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A few reasons to see 11 Apocalypses


Do you enjoy apocalypse scenarios? But, no, not just one at a time. Do you want to watch eleven different apocalypse scenarios in the span of two hours? Are you just an ardent fan of symbolism? Do you yearn to watch an unbelievably unique play? Even if you answered no to all three questions, you should still head over to the PW Downspace to watch Evan Silver ’16‘s 11 Apocalypses (showing on Friday at 8 p.m., Saturday at 7 p.m. and 11 p.m., Sunday at 8 p.m., and Monday at 8 p.m.).

If I still haven’t convinced you, read on for a few more specific reasons to go.

  1. The Apocalypses


Influenced by old stories and archetypes, Silver crafts a delicately intricate multiverse of eleven separate worlds. The storylines are extremely diverse: a millennial trapped at sea, a woman struggling to answer big questions after the rapture, and a man finding himself obsessively entranced in jazz. My personal favorite apocalypses were Sandy’s (BlogDH staffer Jessica Steans-Gail ‘16) hilariously loopy disillusions while trapped in a freezer and Minden’s (Jesse Weil ‘16) tender, yet excitingly tense interactions with Candace, a robot. However, it would be unjust not to applaud the force of Eve’s (Ellie Gravitte ‘17) and Jupiter’s (Katherine Doherty ‘16) explosive performances in which viewers are struck by the suffocating desperation and complex spectrum of human emotions behind their words.

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PW Presents: Neverland


Neverland, directed and written by Brian Semel ’16, was my first ever show at PW Upspace. And what a truly amazing show it was.

It’s a grown-up take on the childhood favorite “Peter Pan,” pondering the question of what happens in the future when characters, Peter Pan, Wendy, Tinkerbell, and Hook become adults. Audience members watch the complex web of disintegrating relationships play out. The play is heartwrenching, but ultimately, wonderful.

The cast is absolutely electric, with a nearly tangible energy shared amongst them. Each actor and actress is perfectly suited for their role. Becca Millstein ’16 plays an intelligent and cautiously loving Wendy, while John Filmanowicz ’17 presents a high-energy portrayal of Peter Pan. Ben Hayslett’s ’18 is plays a bright Hook and Canning Robb ’17 successfully executes a seductive Tinkerbell.


Wendy and Peter start off in a relationship more comfortable than a worn-in sweater, with hilarious banter, ice cream, and of course, adoring love. There’s a delicious satisfaction in seeing a kind of “epilogue” for characters you grew up with. As the play progresses, however, we are reminded of the bittersweetness of growing up and change by their slowly crumbling relationship: one in which Wendy doubts whether Neverland is where she really belongs and Peter’s refusal to recognize he should let her go.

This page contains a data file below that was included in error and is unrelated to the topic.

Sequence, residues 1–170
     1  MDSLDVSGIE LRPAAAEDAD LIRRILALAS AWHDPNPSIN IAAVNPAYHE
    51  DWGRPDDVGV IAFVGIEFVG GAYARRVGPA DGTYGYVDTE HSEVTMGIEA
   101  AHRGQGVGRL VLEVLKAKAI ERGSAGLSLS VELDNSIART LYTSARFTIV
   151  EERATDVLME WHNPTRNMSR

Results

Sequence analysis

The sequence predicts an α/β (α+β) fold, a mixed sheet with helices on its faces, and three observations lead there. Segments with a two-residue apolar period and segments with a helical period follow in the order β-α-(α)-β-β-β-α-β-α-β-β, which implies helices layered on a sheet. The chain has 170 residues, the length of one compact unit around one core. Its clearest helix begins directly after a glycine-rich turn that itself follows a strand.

The rift between Peter and Wendy deepens by the introduction of Tinkerbell and Hook. I was particularly entranced by the interaction of Tinkerbell and Peter; the tension between them ebbed and flowed during their flirtatious verbal sparring, leaving my heart to stop completely at certain points. Their counterparts, Wendy and Hook, also share an intimate moment, but in a much more tender way. Although they start off dictating letters by weaving lines of their respective dialogue together, they begin to talk directly to each other, in an intense, almost conspiratorial fashion. Wendy is left to ruminate if her relationship in Neverland is truly what she wants.

The power of the play is especially evident in Peter’s last monologue. You can’t help but fall in love with quotes about how much Peter is enamored with Wendy: the way people tell him to shut up because his thoughts about Wendy are so loud, the way he knows the tiniest tidbits of knowledge about her, the way he never reveals she sneezes in her sleep so he can revel in the cuteness by himself. But the thing about falling in love so quickly and so deeply, is that it makes it that much more devastating when you watch his relationship collapse in on itself. Semel’s great writing is also very obvious in Wendy’s dialogue; personally, my favorite quote was “This is paradise, but the vacation is over,” which perfectly encapsulates Wendy’s frustration and the claustrophobic nature of her bond with Peter,

Do yourself a huge favor and watch Neverland at one of the two times on Saturday. You will laugh. You will feel like your heart is bursting at the seams. You will definitely be glad you went.

Images via Danielle Perelman ’17.

The director Brian Semel ’16 is a writer for BlogDailyHerald.